God, it hurt.
And then we got to the strangers, and the first stranger says, “She was thin, so you could see her cheekbones… And her chin? It was a nice, thin chin…”
God, that hurt too.
Thin, thin, thin. The mantra I’ve been repeating to myself my whole goddamn life. No part of me is thin or ever has been. My wrists, maybe? Uh?
Of course, they show the women seeing their portraits, too — the ones they described and the ones others did. And most of them tear up. I would, too. Hell, I did, too, because when I watched this the first time I was emotionally tangled up in it in a way I didn’t expect. I wanted to like it; I wanted to be moved. I was moved.
One woman looked at the portrait of herself that she’d drawn and said, “This one looks more… closed off. Fatter. And sadder, too.”
I wanted to love this ad. I wanted so badly to believe that an advertising company is using its considerable powers for good. I wanted to feel like acceptance is a thing, like at least one ad company really is trying to expand the ideas of what beautiful is and what people want to see.
Instead, I got more of the usual: Thin good. Fat bad. It triggered serious body dysmorphia in me today that I had a lot of trouble dealing with and tried to ignore or circumnavigate instead of approaching head-on.
Why are we so validated by this dichotomy of fat versus thin? Why are we so relieved when others tell us we’re thinner than we think we are, or that we’re not fat? I ask these rhetorical questions because I have answers: we equate good traits with thinness and bad traits with fatness. Thin people are friendly, open, healthy, beautiful, and good. Fat people are lazy, stupid, gluttonous, unhygienic, ugly, and bad. When you tell someone you don’t think they’re fat, what you’re usually telling them is that you don’t associate any of the aforementioned traits with them. This has nothing to do with whether or not they are actually fat.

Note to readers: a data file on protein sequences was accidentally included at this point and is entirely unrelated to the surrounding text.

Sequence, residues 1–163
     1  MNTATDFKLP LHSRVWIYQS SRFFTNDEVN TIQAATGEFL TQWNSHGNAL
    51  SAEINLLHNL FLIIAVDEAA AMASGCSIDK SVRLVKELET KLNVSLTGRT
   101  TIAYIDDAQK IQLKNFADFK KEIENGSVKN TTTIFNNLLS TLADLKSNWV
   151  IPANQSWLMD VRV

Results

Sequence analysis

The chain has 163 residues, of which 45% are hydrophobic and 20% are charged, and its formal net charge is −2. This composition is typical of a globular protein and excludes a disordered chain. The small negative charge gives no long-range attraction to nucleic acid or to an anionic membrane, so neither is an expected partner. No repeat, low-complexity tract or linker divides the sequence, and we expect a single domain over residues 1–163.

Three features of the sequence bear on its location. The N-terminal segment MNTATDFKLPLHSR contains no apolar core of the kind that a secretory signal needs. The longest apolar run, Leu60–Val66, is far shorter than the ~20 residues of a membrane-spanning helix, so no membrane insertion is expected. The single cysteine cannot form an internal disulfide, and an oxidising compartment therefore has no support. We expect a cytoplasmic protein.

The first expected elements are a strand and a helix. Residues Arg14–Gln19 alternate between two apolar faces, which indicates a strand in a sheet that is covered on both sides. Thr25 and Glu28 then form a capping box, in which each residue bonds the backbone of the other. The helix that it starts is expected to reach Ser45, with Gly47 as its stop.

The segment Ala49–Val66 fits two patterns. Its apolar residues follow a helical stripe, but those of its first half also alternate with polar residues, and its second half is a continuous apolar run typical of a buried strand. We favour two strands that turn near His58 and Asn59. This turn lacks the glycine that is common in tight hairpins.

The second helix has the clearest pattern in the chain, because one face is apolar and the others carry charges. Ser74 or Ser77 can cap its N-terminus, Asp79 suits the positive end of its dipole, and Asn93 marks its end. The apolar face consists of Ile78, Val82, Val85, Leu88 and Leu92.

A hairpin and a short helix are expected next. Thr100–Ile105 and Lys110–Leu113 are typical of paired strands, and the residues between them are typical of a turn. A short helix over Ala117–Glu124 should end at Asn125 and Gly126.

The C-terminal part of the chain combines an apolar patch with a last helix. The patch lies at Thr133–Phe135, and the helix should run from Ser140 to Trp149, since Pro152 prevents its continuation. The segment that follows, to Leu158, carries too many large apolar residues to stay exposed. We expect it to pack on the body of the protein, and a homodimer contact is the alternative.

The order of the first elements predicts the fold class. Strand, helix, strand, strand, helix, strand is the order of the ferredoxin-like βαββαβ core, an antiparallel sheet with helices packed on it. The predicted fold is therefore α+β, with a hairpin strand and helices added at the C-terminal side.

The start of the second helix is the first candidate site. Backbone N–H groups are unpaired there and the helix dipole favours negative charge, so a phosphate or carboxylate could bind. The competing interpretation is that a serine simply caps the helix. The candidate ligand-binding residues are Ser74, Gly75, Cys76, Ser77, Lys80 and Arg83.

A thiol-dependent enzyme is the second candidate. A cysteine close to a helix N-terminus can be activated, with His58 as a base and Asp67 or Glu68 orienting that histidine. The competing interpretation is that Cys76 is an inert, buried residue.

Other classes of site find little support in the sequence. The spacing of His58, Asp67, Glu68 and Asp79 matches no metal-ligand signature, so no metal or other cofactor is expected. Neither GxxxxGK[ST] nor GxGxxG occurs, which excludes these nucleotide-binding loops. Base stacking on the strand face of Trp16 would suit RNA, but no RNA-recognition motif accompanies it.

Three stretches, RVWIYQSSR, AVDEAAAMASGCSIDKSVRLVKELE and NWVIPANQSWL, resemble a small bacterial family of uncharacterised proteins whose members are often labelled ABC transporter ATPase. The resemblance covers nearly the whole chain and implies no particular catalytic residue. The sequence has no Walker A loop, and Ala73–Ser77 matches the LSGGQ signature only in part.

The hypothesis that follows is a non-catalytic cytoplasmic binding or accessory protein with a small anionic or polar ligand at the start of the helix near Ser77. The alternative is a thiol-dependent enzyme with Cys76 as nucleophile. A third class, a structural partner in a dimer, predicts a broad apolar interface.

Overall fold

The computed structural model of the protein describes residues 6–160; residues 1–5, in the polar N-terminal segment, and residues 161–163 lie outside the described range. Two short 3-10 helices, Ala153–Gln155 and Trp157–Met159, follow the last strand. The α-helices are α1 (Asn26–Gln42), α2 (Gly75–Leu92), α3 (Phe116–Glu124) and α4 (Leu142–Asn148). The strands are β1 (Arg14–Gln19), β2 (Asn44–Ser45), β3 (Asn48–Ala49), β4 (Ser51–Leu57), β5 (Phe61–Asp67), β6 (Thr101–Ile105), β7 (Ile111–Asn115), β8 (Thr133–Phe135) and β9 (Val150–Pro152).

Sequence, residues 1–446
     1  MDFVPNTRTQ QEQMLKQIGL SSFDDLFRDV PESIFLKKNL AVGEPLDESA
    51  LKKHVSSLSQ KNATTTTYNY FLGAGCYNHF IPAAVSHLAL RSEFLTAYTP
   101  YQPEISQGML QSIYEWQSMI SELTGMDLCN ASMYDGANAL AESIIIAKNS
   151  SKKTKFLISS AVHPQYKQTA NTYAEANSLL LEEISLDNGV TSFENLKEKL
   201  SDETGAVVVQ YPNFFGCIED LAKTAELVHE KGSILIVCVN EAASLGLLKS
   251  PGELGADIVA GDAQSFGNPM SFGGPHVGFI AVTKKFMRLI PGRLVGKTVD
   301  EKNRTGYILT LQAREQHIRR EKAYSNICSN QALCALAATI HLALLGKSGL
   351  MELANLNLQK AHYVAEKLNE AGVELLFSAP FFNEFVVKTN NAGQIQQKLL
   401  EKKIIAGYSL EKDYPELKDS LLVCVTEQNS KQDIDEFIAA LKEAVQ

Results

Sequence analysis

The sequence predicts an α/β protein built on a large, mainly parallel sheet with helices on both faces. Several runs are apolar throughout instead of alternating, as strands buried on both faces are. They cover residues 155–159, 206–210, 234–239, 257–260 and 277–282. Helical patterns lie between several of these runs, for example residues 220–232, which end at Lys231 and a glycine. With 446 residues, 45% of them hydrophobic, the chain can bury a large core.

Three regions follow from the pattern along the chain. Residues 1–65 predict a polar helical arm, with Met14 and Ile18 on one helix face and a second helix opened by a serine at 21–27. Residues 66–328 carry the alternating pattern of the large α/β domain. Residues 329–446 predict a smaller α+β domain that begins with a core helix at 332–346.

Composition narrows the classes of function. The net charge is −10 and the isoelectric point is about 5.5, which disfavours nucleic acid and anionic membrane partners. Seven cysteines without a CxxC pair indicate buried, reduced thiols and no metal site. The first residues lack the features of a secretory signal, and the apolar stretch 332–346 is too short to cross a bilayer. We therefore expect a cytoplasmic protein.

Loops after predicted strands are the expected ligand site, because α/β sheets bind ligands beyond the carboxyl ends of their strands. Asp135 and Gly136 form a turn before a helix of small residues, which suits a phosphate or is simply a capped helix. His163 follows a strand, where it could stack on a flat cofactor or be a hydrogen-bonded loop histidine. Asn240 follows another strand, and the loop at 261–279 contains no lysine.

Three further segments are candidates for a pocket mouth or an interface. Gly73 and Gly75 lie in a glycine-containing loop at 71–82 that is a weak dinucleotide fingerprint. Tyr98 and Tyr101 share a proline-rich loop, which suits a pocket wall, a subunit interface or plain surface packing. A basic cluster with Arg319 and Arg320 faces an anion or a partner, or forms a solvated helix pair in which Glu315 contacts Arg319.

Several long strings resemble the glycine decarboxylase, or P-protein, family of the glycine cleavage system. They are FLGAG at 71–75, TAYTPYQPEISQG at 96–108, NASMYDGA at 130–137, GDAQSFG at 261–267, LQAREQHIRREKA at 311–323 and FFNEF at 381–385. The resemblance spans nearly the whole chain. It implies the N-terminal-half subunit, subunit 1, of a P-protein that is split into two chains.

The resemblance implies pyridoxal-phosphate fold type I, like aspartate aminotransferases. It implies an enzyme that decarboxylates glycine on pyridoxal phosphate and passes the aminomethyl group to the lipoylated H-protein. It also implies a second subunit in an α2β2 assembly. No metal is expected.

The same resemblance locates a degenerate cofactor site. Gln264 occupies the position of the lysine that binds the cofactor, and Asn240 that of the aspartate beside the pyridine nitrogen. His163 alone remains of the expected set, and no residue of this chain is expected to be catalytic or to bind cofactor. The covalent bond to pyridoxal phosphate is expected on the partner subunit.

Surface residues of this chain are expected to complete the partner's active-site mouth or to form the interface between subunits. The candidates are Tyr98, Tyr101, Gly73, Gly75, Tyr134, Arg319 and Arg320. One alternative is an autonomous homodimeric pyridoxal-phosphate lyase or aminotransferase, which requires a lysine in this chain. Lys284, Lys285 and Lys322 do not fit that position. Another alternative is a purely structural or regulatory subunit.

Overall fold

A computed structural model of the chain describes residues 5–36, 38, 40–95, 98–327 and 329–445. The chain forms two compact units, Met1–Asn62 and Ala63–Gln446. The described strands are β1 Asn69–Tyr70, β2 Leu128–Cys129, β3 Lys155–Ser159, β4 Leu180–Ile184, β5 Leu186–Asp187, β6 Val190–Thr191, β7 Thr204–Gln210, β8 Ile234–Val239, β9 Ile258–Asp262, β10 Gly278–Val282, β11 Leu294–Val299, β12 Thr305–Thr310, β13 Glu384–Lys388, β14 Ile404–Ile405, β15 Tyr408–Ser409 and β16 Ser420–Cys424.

Ultimately, Dove is trying to sell us something, and that something is a cosmetics product. Given this, I understand that my frustration is probably a little unfair, but God, am I sick of feeling alienated by campaigns promoting “real beauty” that want nothing to do with my fat ass.
As a fat kid, I was made very aware that my body was wrong. I got it from all angles, but the adults. The adults were the worse.
I remember one of the first times I knew I was fat, and also knew that being fat was bad. I was five-years-old and going to a classmate’s pool party. I remember being dropped off and marching into the pool area, ready to get busy with some fake wave action — I was so excited to be at such a fancy pool. However, as soon as I arrived, one girl — a girl whose name I remember to this day! — told me I should “cover up” because I was “so fat”. Worst part, I remember looking to the adults — including her own mother — and thinking that someone would do something, but they all just giggled and half-heartedly told her to knock it off. I wonder where that girl learned it from. (Read: I don’t, it was clearly her shitty mom.)